Outgoing Swiss Bankers Association (SBA) chairman Patrick Odier marked his last day in office by taking a swipe at politicians who have so far failed to secure the future of the Swiss financial sector in the European Union market.
Odier blamed the ongoing impasse on a trend of Swiss banking jobs leaving Switzerland for other countries. Nearly 3,500 banking jobs have been lost in Switzerland so far this year, while Swiss banks increased their numbers of staff in overseas branches by 6,700.
“The negative effects of the lack of access to the European market are beginning to become more and more palpable. This is an alarming situation,” Odier told journalists, hours before he was due to hand over the baton to new chairman Herbert Scheidt.
SBA chief executive Claude-Alain Margelisch rammed home the message during the industry lobby group’s annual conference on Thursday. Margelisch vented his frustration that parliament has delayed debating one of two legislative packages that would harmonise Swiss rules with the EU – a prerequisite for Swiss banks continuing to do business in the single market.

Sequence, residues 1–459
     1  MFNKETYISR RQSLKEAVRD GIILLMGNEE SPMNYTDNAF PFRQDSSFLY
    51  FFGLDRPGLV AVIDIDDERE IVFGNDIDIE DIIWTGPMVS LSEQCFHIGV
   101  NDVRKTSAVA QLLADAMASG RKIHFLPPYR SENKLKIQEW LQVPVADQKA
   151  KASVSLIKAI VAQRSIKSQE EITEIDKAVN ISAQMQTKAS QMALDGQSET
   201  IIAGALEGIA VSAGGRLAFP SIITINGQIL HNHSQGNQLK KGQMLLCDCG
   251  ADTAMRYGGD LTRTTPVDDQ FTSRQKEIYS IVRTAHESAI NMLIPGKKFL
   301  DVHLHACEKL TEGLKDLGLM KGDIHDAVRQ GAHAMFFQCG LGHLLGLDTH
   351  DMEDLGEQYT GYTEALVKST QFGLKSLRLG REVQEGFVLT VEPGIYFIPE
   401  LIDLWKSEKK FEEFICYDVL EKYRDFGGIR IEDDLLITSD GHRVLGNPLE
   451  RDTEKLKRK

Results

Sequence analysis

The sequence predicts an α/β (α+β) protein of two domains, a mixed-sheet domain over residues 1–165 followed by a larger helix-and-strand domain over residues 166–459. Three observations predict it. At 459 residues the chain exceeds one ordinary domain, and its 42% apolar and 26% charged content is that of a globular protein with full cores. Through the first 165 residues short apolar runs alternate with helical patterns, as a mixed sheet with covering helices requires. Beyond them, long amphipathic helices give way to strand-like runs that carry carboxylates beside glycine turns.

“The procrastination has to stop,” he said. “The Swiss financial centre and the entire Swiss economy need [these legislative changes] and they need them together, as a package. Now. Not in a few years from now.”
Switzerland’s ongoing row with the EU over restricting the flow of foreign workers has also hampered the process of re-gearing the Swiss financial centre to meet new EU regulatory demands. Odier said it was “regrettable” that soured Swiss-EU relations have precluded the possibility of negotiating a financial services agreement between the two sides.
Reflecting on his seven years in office, Odier mused that the Swiss financial centre has undergone greater changes in that period than in the preceding century. He was referring mainly to the destruction of Swiss banking secrecy, which will soon be replaced by an automatic exchange of tax information between countries.
The SBA was initially opposed to such a system, which would force banks to act as tax collectors for other countries. But the lobby group changed its tune when international pressure threatened the very existence of some Swiss banks.
The SBA is currently resisting people’s initiatives that threaten to impose more changes. One proposes to prevent banks from issuing credit out of thin air by limiting loans to the volume of Swiss francs already in circulation.
Another initiative aims to enshrine domestic banking secrecy for Swiss residents in the country’s constitution.